I can use that character to explore and present to the reader the issues of racism and values and morals without having to use the specific situations of this world. Getting a reader to think about those issues without "being in their face." And creating what I hope is a more subtle approach.

 

   Science fiction and fantasy have a history of introducing people to thoughts and ideas different from the present norm and even moving generations in a new direction of thinking.

 

    I like to think it's our reason for writing. To entertain, yes, but also to create a better world.
 

July 2020

Jan 2020

                          How to Respond to Honest Correction and Critiques                                         

 

 

      What are the choices?

 

 

  1. Respond with gratitude — thanking them for the correction and learning from it.

  2. Respond by respectfully disagreeing — and discussing why.

  3. Respond with anger — arguing. Anger is frequently a symptom of wounded pride. Anger is destructive, and often destroys relationships.

  4. Respond by stewing — Stewing is just a silent form of anger.

  5. Respond by leaving — Some people, offended by correction, will abruptly leave a conversation, a room or a relationship.

 

I receive correction most days of my life.  

It might be in my writing.

It might be in the way I pronounce words. (I have hearing issues.)

It might be in how I signed a particular sentence in ASL. (American Sign Language)

It might be in how I did something, or in how I plan to do something. 

It might be something as small as getting the name of something wrong.

 

I respond by thanking the person who provided a critique or correction.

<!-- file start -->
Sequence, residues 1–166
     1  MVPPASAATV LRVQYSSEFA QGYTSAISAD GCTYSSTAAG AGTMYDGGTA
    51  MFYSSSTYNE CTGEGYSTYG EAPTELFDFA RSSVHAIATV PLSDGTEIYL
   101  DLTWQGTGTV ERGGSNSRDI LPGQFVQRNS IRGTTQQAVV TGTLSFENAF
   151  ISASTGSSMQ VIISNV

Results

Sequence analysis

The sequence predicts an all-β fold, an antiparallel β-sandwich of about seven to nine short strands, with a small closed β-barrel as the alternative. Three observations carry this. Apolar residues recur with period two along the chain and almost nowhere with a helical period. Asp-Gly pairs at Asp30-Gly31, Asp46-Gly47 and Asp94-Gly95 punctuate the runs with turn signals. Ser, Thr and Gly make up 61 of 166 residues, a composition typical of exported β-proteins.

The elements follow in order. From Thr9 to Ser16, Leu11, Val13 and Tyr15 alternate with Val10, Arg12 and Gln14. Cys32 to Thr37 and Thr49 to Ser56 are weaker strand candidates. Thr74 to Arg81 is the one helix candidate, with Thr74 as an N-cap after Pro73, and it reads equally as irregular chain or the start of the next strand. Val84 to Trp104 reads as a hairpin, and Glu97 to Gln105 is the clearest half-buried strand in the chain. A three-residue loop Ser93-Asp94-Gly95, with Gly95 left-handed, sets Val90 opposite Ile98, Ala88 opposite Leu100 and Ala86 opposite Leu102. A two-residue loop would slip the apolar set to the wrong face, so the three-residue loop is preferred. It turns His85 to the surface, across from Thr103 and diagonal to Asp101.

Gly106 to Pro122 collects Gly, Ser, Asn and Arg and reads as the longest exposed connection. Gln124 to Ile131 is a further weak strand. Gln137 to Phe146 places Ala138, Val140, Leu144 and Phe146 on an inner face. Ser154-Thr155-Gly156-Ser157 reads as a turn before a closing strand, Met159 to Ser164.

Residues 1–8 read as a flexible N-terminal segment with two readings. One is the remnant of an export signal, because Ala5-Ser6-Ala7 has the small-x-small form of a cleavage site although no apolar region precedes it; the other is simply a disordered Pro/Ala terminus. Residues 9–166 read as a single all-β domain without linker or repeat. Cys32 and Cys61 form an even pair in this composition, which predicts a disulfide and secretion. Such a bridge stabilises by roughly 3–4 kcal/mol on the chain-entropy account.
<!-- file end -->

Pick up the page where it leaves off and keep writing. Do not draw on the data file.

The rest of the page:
Or, by saying, Really? I did not know that.

Or, Sorry, I got that mixed up.

Or, Yes, you are right.

 

Honest correction is helpful.

 

If I feel I am correct, I will say that’s an interesting idea.

Or, I don’t agree. (and say why)

Or, I will have to think on that.

Or, I will look into that.

Or, I think so and so.

 

In respectfully disagreeing, discussion is key.

 

 

To put it bluntly…

If you cannot accept honest correction, you have the problem,

not the person providing the correction.

                                                                                                           
 
                                    Books that have made a difference               August 2019
                                                to the way I write. 
Craft books by Orson Scott Card
 
Craft books in the ‘Elements of Fiction Writing Series’
(This series contains craft books on all aspects of writing.)
 
Self-editing for fiction writers by Renni Browne and Dave King
 
Techniques of the selling writer by Dwight V. Swain
 
The Emotion Thesaurus by Angela Ackerman and Becca Puclisi
       (Also their books on settings both rural and urban)